...and which decreases with peace duration.

We examine when during post-conflict aid projects have the highest chance of success. We include a measure of the number of years since peace onset at the start of the project. We find that the relationship between time since peace onset and the probability of success is non-linear and depends highly on the quality of supervision. The probability of success is higher in post-conflict environments than in peaceful environments during the first four to five years. The significant positive impact of supervision fades overtime as peace is sustainable. Supervision, in other words technical assistance, is therefore particularly important in the fragile early years of peace when the local capacities are still lacking and the environment is highly volatile.

Are some sectors more promising in post-conflict?

Finally, we explore whether post-conflict situations call for special sectoral targeting. However, as we only have access to cross-sectional information and not information generated by a sequence within a particular country, we purposely avoid making strong statements about sector sequence.

We observe that projects in urban development and transports are relatively more successful in post-conflict situations. This result can easily be explained: war leads to a large destruction of urban and transport infrastructures that need to be rebuilt for the economy to recover once the conflict is over. Projects relating to social protection (i.e. policies to alleviate poverty and promote equitable growth) follow a similar pattern. The probability of success increases with the duration of post-conflict peace. On the contrary, projects targeting the private sector should wait for few years of peace.

The immediate aftermath of war is hardly a favourable environment for business prosperity. But as time since peace onset passes this trend is reversed. We also find that projects targeting education loses their comparative advantages and are less successful than project in other sectors in post-conflict countries. Extra supervision is therefore needed to increase the chances of success of education projects, even in early post-conflict when rebuilding lost skills is a necessity.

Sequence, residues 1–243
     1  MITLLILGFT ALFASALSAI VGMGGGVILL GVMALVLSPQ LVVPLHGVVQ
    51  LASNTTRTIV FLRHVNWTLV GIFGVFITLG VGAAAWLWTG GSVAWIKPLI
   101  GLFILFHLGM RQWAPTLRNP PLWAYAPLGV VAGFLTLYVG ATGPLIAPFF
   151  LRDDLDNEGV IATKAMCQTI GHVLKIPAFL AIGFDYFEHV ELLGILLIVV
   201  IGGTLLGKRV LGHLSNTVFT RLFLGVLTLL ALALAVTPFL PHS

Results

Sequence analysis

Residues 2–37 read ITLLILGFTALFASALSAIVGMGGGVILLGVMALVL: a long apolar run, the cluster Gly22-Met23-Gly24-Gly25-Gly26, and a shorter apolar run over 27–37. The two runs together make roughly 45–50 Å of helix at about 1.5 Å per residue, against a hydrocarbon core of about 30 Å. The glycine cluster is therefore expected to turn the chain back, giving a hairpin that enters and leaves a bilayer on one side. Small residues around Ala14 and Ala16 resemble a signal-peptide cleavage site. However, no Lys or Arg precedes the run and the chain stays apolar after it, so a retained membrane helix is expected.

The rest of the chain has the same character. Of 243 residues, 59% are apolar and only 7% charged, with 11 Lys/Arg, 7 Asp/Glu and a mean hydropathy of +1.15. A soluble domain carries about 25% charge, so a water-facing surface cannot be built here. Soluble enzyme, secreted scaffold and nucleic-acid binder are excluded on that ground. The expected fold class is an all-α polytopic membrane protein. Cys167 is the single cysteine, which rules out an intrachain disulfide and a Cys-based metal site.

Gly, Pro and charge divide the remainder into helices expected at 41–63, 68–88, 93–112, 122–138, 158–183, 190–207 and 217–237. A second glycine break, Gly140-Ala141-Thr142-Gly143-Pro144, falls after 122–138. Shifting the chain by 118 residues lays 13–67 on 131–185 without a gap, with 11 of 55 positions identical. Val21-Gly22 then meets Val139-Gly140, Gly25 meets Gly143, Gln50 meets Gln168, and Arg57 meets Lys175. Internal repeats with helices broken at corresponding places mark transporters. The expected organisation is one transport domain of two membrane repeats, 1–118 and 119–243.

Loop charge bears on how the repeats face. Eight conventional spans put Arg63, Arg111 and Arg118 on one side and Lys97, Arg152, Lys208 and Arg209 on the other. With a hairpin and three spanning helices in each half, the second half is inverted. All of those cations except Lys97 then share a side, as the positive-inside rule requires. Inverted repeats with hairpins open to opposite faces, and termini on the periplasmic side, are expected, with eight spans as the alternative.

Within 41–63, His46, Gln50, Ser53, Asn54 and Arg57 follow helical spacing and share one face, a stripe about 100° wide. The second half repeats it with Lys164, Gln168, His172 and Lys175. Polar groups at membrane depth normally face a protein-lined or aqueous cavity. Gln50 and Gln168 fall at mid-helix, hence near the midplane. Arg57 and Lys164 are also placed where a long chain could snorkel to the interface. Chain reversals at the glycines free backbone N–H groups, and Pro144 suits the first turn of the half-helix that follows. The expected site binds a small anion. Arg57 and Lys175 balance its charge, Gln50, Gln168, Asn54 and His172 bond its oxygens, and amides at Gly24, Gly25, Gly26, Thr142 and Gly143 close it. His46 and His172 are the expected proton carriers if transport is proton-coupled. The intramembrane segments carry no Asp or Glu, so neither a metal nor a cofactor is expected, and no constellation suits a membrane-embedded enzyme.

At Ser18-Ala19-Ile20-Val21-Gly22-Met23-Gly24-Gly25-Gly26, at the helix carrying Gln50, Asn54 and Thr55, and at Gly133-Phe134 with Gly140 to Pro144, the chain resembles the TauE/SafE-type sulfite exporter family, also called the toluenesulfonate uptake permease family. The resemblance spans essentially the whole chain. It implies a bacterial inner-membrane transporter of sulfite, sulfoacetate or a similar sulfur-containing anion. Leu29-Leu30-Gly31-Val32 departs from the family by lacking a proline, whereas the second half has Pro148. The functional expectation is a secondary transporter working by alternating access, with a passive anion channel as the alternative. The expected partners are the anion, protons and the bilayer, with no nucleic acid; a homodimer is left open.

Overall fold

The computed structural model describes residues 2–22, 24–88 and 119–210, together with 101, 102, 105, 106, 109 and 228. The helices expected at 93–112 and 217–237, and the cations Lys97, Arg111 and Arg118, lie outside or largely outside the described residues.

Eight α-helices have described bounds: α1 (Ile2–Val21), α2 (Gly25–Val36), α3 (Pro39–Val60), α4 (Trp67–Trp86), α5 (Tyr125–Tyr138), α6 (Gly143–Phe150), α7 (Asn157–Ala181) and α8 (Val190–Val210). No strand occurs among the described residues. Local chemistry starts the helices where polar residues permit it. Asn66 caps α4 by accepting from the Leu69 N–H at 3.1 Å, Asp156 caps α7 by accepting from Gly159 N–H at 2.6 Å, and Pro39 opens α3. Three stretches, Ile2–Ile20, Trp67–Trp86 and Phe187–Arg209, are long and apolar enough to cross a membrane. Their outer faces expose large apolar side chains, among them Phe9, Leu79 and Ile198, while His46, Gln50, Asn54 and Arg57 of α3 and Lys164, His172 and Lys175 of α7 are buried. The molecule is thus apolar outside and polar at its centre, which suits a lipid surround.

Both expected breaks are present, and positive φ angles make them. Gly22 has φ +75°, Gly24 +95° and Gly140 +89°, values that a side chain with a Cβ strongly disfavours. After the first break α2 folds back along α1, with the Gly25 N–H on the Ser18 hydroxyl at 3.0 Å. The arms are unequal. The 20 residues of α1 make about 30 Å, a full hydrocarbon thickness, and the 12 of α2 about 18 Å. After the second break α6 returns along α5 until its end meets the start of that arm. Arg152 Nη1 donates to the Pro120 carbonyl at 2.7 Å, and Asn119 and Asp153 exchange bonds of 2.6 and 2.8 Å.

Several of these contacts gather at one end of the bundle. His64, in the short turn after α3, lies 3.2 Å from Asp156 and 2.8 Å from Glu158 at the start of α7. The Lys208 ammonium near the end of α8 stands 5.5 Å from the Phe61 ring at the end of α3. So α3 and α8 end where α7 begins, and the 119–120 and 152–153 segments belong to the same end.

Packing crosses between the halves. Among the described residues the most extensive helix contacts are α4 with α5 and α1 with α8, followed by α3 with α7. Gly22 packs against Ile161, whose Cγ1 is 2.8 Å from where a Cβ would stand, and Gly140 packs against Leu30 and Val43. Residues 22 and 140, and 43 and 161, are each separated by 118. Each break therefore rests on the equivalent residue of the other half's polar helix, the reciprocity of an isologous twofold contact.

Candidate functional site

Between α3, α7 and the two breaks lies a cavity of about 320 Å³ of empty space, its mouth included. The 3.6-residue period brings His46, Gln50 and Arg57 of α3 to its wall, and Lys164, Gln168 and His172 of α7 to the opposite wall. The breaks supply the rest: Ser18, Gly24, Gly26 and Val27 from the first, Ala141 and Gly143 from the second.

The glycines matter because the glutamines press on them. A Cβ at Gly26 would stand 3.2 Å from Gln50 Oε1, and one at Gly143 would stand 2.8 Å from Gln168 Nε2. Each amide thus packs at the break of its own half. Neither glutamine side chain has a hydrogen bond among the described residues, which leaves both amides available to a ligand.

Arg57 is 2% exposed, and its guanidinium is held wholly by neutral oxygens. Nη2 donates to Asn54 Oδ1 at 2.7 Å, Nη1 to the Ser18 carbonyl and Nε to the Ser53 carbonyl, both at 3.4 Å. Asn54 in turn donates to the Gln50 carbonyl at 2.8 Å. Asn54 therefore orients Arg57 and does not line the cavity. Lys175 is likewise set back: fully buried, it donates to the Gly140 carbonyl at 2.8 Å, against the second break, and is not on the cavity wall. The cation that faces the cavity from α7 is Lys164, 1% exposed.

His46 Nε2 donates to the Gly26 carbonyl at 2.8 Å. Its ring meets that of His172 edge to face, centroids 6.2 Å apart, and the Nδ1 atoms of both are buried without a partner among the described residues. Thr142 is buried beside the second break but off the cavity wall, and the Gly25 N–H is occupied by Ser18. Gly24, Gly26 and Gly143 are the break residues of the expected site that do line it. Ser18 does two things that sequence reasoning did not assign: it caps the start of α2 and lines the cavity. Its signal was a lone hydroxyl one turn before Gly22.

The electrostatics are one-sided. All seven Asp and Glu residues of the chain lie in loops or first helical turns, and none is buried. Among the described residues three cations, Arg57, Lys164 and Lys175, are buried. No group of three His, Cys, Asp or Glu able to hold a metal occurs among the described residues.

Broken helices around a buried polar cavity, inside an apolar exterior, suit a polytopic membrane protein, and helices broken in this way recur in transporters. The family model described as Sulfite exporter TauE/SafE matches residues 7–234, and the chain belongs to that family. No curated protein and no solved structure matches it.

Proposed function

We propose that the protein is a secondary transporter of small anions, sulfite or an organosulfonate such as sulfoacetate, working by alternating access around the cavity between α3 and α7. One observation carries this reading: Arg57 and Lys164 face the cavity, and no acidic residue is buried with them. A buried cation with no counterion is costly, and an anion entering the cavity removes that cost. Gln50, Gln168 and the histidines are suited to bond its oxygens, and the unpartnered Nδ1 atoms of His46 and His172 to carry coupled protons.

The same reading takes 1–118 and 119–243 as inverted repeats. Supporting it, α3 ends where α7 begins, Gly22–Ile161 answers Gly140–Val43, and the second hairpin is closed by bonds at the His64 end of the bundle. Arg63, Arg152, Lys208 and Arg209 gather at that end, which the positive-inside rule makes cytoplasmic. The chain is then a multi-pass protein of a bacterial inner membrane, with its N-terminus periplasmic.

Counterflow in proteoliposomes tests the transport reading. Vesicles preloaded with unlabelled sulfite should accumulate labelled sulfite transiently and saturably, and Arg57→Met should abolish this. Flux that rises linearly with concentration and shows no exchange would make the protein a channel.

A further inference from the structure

References

Adam C, P Collier and VB Davies (2008), “Postconflict Monetary Reconstruction”, The World Bank Economic Review, 22(1):87-112.

Chauvet L, P Collier, and M Duponchel (2010), “What Explains Aid Project Success in Post-Conflict Situations?”, Policy Research Working Paper 5418, World Bank, Washington DC.

Collier P and A Hoeffler (2004), “Aid, Policy and Growth in Post-Conflict Countries”, European Economic Review, 48:1125-1145.

Duponchel M (2008), “Can Aid Break the Conflict Trap?”, University Paris 1, CES, mimeo.

Elbadawi IA, L Kaltani, K Schmidt-Hebbel (2008), “Foreign Aid, the Real Exchange Rate, and Economic Growth in the Aftermath of Civil Wars”, The World Bank Economic Review, 22(1):113-140.

Guillaumont, P, and R Lalaaj (2006), “When instability increases the effectiveness of aid projects”, Policy Research Working Paper Series, 4034.

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Topics:  Development

Tags:  development, aid, Conflict, World Bank

Research Fellow at the Institut de recherche pour le développement (IRD).

Professor of Economics at the University of Oxford and Director of the International Growth Centre

PhD student, University Paris 1 Pantheon-Sorbonne and CNRS